A native of Malmö, Sweden, Hans Hokanson came to the United States in 1951 and lived briefly in Los Angeles. He studied drawing and painting at the Art Students League in New York from 1961 to 1963. While aspiring to be a painter, Hokanson supported himself by carpentry; he became a master cabinetmaker and furniture designer. His first wood sculptures were constructions of abstract components. Then in the 1960s, he focused on carving directly in solid wood, continuing the tradition descended from Constantin Brancusi and others.
Hokanson’s approach to abstract forms was influenced initially by his work from 1956 to 1961 as an assistant in the private Museum of Primitive Art in New York (which later became the Department of Primitive Art in the Metropolitan Museum of Art). There he was exposed not only to the well-known wood artifacts from Africa but also to the lesser- known carvings from Indonesia, especially Papua New Guinea. Those complex curving forms reverberate through some of Hokanson’s formalist abstractions.
Hokanson lived most of his adult life in rustic simplicity in the Hamptons area of Long Island; his work is little known beyond New York. He was profoundly inspired by the philosophy and aesthetics of Zen Buddhism. The act of creating (carving) for Hokanson involved the entire mind and body; it was not merely an exercise of manual skill (although his technical mastery was virtuosic). Hokanson did not espouse the spontaneity that is often associated with Zen mastery. He preferred to make detailed preliminary drawings before starting a new sculpture—the antithesis of Anthony Caro, who never made studies prior to improvising directly with heavy steel.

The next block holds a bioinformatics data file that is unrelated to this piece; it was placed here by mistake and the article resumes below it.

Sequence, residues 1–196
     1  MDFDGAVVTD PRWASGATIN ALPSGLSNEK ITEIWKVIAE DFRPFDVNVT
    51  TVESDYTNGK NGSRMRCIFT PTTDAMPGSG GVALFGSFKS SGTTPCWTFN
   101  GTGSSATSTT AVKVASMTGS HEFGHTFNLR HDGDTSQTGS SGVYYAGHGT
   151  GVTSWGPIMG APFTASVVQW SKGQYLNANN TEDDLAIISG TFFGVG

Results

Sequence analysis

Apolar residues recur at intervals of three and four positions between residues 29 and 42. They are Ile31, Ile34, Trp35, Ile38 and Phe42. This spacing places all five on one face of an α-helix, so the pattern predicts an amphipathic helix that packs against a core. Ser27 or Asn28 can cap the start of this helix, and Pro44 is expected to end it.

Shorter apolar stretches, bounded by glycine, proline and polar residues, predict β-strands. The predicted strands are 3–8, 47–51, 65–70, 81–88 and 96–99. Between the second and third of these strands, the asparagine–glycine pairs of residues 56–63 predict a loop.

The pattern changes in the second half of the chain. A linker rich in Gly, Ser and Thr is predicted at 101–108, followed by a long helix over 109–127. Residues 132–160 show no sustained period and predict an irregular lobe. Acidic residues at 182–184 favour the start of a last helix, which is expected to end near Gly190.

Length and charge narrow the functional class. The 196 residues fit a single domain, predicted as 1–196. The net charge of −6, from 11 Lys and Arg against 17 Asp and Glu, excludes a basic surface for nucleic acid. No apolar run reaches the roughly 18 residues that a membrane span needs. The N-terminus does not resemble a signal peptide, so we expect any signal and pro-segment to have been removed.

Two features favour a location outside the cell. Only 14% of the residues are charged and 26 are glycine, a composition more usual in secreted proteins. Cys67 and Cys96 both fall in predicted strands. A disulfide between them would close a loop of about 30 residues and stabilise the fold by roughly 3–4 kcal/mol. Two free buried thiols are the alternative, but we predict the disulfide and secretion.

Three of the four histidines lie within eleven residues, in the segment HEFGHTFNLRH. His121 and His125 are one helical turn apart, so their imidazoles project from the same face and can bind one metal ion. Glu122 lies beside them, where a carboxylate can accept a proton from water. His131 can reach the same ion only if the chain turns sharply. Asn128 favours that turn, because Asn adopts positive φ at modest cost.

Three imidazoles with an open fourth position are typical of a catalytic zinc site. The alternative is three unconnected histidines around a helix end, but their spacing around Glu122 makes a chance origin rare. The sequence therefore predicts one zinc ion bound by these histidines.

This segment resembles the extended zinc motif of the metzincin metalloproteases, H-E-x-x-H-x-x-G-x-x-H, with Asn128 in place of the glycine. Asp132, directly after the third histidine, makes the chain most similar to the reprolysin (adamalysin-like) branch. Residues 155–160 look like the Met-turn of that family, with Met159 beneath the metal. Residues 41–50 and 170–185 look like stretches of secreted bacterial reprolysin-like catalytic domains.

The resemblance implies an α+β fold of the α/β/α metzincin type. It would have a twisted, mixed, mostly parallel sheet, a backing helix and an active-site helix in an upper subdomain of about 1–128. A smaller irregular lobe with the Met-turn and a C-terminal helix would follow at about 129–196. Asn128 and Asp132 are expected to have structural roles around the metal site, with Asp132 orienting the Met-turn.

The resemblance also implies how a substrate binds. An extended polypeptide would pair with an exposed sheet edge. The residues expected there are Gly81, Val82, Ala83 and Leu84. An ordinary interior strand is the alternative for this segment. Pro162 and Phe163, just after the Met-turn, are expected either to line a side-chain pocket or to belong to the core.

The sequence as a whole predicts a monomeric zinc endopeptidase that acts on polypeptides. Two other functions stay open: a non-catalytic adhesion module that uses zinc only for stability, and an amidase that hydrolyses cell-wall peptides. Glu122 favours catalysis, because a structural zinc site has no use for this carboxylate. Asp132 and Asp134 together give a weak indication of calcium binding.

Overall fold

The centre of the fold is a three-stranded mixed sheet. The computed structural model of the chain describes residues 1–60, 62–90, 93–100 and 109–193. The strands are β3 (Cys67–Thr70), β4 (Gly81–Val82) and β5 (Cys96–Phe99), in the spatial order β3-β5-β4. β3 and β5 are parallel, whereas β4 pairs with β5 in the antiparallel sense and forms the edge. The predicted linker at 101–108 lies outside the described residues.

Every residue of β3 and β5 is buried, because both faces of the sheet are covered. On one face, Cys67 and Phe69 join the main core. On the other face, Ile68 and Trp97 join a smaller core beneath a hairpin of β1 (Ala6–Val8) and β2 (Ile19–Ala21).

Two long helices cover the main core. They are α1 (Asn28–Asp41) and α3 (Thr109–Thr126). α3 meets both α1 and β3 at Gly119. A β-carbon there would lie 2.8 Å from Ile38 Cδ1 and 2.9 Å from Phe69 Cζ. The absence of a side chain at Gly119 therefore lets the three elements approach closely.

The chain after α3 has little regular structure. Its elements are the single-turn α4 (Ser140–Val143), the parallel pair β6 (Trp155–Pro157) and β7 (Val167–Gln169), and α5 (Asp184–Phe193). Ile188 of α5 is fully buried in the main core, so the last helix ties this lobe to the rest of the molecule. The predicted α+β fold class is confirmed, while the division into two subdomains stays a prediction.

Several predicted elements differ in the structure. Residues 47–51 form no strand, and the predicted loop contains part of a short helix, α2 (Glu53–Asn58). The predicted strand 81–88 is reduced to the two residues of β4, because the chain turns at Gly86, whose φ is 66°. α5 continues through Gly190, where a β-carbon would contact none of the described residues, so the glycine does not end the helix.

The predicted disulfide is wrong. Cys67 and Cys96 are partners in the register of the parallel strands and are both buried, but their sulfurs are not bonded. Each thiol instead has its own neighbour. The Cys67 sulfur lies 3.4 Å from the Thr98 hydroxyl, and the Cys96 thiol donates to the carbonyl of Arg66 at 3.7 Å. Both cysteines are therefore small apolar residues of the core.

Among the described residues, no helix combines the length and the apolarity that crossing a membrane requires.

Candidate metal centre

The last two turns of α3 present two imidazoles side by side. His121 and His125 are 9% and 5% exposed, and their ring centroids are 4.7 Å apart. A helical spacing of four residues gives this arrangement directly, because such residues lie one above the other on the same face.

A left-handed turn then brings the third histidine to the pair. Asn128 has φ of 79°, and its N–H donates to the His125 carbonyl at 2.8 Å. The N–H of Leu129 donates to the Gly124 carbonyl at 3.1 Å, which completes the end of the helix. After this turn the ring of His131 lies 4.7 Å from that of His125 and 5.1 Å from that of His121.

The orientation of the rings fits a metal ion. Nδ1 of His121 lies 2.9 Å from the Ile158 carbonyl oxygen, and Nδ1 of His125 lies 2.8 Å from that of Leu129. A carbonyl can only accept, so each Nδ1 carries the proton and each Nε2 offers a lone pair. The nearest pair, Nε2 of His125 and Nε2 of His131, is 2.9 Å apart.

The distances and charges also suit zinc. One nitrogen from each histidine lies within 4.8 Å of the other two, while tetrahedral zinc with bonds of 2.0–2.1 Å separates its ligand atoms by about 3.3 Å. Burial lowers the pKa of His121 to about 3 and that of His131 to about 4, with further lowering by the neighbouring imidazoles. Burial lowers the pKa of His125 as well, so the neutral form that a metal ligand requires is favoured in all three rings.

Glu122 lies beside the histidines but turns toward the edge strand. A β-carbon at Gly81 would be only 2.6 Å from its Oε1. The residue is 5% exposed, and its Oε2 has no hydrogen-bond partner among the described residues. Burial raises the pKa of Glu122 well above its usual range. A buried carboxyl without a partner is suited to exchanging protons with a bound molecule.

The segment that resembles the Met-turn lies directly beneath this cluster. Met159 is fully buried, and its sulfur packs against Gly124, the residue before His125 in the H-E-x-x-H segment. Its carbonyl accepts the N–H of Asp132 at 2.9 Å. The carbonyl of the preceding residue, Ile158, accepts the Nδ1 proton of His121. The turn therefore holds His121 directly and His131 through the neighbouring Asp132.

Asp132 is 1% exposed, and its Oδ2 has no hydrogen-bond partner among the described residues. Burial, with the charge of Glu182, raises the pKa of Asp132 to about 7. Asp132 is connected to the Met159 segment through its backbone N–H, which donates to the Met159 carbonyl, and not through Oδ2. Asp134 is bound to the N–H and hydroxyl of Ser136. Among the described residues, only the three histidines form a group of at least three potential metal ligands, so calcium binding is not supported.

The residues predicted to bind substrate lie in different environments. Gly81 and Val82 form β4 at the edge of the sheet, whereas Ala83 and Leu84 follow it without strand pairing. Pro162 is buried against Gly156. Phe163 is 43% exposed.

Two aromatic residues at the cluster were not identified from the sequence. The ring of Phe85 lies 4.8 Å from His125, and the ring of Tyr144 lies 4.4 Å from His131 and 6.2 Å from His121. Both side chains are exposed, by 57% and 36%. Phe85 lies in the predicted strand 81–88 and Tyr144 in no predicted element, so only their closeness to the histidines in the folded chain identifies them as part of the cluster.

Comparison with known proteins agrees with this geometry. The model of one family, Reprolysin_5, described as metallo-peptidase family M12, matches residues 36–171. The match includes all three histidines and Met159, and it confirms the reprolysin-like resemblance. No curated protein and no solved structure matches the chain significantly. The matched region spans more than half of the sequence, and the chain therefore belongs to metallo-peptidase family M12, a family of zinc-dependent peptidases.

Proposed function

During the 1970s, Hokanson liked to use massive tree trunks for his carvings. Source was carved from an exceptionally large cherry tree trunk. “I am influenced by the volume…of the wood.…The wood itself…encourages me, speaks back to me. I am in direct confrontation with the surface,” he said. Some remarkable compositions consist of enormous freestanding spirals that took great skill and many months to hew out of solid wood.
The forms, surface, and title of Source allude to organic movement and growth. The undulating upper forms seem to reach for the sky, while the surface patterns may also suggest a waterfall or brook; the term “source” in French means a natural spring. The sculpture merges representation of flowing water with organic abstraction to such a degree that there is no distinction between them. The chiseled textures of the wood’s surfaces echo sources in nature: the flicker of sunlight on water, the patterns of sand at low tide, leaves fluttering or water rippling on a breezy day.
Valerie Fletcher is Senior Curator at the Hirshhorn Museum in Washington, DC. Her research on groundbreaking aspects of international, globalized, and transnational art have resulted in numerous exhibitions and publications.